LAA is making significant efforts to support Albertans in provincial courts.
EDMONTON – Right now, more than 35,000 Albertans in 75 communities are receiving legal aid assistance and demand for help never stops. People who depend on legal aid face extraordinarily difficult life circumstances such as mental health issues, past trauma and addiction. The average client makes less than $10,000 a year. Many are stuck in a cycle.
Legal Aid Alberta (LAA) helps families going through separation and divorce, children who have been removed from their homes, refugee claimants, and adults and youth involved with the criminal justice system. We provide representation at bail hearings, free duty counsel services at provincial courts and the legal assistance people need to escape family violence.
LAA is a publicly-funded, nonprofit organization that receives much of its financial support from the Government of Alberta. Recently, LAA funding and access to services have become topics of public interest. Media stories about job action by criminal defence lawyers in Alberta have spread across the country. We have received questions from clients, judges, police, partners and supporters.
Legal aid services in Alberta are provided by a mix of staff lawyers who are employed by Legal Aid Alberta and contracted private sector lawyers – known as roster lawyers – who do legal aid work in addition to their private practice law.
Staff lawyers are continuing to serve Albertans across the province – representing people at bail hearings, running trials, providing free duty counsel advice in provincial courts, and helping Albertans facing violence get emergency protection orders (EPOs) to keep them safe.
However, several criminal defence lawyers who take LAA files on contract have stopped working as duty counsel in provincial courts to make their case to the province for more funding and better pay. While integral to the delivery of legal services, they are not employees of LAA and do not represent all private sector roster lawyers who do legal aid work.
We know this is a concerning time for Albertans attending provincial court and we want them to know that we’re doing everything we can to support them. So far, significant efforts to ensure a duty counsel lawyer is available either in person or virtually at all courthouses have been successful. At this time, we are not aware of any significant impact on Albertans, however, we are taking it one day at a time.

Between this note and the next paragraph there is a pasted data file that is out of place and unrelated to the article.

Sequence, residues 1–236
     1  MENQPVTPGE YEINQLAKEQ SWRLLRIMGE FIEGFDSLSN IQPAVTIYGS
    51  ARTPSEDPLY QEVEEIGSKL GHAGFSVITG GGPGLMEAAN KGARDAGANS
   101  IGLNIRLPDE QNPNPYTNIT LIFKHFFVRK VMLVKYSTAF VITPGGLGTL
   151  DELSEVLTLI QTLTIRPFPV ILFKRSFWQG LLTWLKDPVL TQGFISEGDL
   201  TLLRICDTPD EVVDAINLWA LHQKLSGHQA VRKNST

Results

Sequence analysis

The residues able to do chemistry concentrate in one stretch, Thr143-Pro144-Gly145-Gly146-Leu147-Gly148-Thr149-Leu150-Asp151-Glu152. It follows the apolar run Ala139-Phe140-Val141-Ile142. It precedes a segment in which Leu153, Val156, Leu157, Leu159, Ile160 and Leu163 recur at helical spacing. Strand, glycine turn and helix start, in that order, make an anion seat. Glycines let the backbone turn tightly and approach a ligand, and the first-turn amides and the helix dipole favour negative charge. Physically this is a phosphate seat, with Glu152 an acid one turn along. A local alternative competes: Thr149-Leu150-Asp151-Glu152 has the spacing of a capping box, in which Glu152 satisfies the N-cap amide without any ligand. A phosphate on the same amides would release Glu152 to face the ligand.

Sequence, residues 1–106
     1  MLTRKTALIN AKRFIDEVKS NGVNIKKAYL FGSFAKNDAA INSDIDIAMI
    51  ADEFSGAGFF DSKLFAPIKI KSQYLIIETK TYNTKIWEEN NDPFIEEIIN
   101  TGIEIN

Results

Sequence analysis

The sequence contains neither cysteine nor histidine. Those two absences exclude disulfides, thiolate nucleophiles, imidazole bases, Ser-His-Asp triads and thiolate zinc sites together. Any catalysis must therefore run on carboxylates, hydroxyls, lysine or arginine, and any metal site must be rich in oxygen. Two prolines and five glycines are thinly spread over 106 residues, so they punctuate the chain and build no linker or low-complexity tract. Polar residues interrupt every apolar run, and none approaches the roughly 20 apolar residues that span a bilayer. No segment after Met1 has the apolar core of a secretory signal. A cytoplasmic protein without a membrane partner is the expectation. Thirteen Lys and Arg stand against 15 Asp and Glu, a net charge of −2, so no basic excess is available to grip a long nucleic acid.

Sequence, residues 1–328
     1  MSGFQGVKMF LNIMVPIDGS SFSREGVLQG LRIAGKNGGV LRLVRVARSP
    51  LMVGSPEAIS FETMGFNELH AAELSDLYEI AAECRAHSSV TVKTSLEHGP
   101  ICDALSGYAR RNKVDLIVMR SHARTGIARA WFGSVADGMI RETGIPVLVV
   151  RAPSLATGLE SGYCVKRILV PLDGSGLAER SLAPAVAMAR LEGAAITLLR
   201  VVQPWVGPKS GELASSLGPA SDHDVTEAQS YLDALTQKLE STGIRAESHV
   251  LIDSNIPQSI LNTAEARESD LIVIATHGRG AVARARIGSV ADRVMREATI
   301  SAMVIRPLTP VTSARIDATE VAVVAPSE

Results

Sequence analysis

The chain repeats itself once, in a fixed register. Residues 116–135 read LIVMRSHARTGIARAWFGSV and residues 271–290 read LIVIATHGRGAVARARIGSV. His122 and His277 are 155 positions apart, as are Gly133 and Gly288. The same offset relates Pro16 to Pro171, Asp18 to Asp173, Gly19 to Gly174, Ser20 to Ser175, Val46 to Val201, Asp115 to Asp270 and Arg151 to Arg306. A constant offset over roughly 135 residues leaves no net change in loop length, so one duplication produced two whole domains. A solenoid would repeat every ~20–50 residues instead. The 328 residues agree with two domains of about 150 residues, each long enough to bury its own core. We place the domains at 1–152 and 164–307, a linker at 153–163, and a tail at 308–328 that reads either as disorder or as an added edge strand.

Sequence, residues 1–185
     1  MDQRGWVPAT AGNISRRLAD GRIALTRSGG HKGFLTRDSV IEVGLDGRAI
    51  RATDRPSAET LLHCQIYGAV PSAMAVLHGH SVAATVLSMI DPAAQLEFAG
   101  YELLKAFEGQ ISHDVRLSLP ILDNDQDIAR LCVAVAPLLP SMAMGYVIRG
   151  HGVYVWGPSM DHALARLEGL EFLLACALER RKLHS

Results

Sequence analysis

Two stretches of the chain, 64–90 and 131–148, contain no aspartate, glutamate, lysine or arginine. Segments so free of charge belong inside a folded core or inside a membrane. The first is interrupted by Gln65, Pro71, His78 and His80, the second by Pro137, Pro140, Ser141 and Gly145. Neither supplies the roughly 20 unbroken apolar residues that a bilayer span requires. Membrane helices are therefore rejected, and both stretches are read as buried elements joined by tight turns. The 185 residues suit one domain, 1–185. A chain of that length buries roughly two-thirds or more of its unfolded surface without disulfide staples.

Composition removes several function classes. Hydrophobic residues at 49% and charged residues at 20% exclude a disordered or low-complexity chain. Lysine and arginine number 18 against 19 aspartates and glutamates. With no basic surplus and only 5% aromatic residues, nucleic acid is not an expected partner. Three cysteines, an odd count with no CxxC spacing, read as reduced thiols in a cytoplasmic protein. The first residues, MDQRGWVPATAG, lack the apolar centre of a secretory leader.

Roster lawyers are integral to LAA. If a withdrawal of services escalates or continues longer term, we anticipate a greater impact on the justice system and disadvantaged Albertans. We’re aware of potential further action by private sector criminal defence lawyers and are actively planning to support our clients.
When Albertans engage in public discourse, whether it’s for improved health care, roads, education or access to the justice system, it’s because they care. We are at a pivotal moment when decisions about the future of legal aid are tough but necessary. While LAA is unable to change the rate of pay for contracted roster lawyers, we are included in these discussions.
In the meantime, we have work to do – to support low-income Albertans facing legal issues. We are also pressing forward with our commitment to modernize the tariff structure and continually improve LAA’s administrative processes for roster lawyers.
New applicants and clients
Partners & media
Roster lawyers who do legal aid are not employees of LAA but are contracted by LAA to provide legal advice and representation services. Roster lawyers come from the private bar, which means they have their own practice and/or work for a private law firm. Learn more
Staff lawyers work as employees at Legal Aid Alberta. They bring special knowledge and skills to serve people facing significant legal and life challenges. Staff lawyers practice criminal, family and immigration law and provide duty counsel services in docket and therapeutic courts across the province.
Duty counsel are staff and roster lawyers who help people understand the court process and who give free legal advice to people representing themselves at their first court appearance. Duty counsel is found at the courthouse and most often speak to clients before their court appearance. They do not become involved in trials. Learn more
Tariff of fees (tariff): The Legal Aid Alberta Tariff of Fees dictates how lawyers accounts should be paid/how much they may bill their clients. Learn more